Evidence That a National REDD+ Program Reduces Tree Cover Loss and Carbon Emissions in a High Forest Cover, Low Deforestation Country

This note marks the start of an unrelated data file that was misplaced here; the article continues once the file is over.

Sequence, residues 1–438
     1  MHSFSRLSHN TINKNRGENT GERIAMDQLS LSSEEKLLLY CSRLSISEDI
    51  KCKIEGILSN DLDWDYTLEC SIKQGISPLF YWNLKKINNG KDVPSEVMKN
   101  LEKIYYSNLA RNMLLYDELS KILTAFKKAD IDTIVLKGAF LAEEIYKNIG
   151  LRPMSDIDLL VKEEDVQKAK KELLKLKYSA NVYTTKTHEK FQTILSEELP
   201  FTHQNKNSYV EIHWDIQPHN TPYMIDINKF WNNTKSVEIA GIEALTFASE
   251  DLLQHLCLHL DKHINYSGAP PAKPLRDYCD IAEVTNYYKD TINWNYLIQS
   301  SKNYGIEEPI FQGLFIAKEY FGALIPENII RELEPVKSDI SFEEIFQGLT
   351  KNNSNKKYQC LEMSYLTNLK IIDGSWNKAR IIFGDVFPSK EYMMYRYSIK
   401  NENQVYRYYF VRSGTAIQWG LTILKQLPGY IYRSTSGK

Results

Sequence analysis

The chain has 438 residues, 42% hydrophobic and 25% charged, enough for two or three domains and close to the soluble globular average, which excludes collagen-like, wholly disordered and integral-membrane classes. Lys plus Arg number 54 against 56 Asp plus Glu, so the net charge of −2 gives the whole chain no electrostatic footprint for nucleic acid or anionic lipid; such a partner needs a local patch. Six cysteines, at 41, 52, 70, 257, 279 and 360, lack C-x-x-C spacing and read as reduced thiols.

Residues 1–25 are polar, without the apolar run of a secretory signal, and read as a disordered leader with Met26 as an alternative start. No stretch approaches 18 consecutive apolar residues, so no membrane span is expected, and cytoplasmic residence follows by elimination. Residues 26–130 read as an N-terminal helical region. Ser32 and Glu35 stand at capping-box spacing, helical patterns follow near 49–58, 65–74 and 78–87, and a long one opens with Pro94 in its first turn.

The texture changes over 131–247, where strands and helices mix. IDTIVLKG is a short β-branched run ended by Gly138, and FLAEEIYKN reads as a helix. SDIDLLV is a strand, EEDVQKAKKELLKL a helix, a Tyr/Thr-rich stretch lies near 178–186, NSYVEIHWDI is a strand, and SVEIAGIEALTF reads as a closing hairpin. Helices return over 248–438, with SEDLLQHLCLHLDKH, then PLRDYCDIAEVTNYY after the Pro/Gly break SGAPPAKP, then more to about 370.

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Reducing emissions from deforestation and forest degradation (REDD+) is a climate change mitigation policy in which rich countries provide payments to developing countries for protecting their forests. In 2009, the countries of Norway and Guyana entered into one of the first bilateral REDD+ programs, with Norway offering to pay US$250 million to Guyana if annual deforestation rates remained below 0.056% from 2010 to 2015. To quantify the impact of this national REDD+ program, we construct a counterfactual times-series trajectory of annual tree cover loss using synthetic matching. This analytical approach allows us to quantify tree cover loss that would have occurred in the absence of the Norway-Guyana REDD+ program. We found that the Norway-Guyana REDD+ program reduced tree cover loss by 35% during the implementation period (2010 to 2015), equivalent to 12.8 million tons of avoided CO2 emissions. Our analysis indicates that national REDD+ payments attenuated the effect of increases in gold prices, an internationally traded commodity that is the primary deforestation driver in Guyana. Overall, we found strong evidence that the program met the additionality criteria of REDD+. However, we found that tree cover loss increased after the payments ended, and therefore, our results suggest that without continued payments, forest protection is not guaranteed. On the issue of leakage, which is complex and difficult to quantify, a multinational REDD+ program for a region could address leakage that results from differences in forest policies between neighboring countries.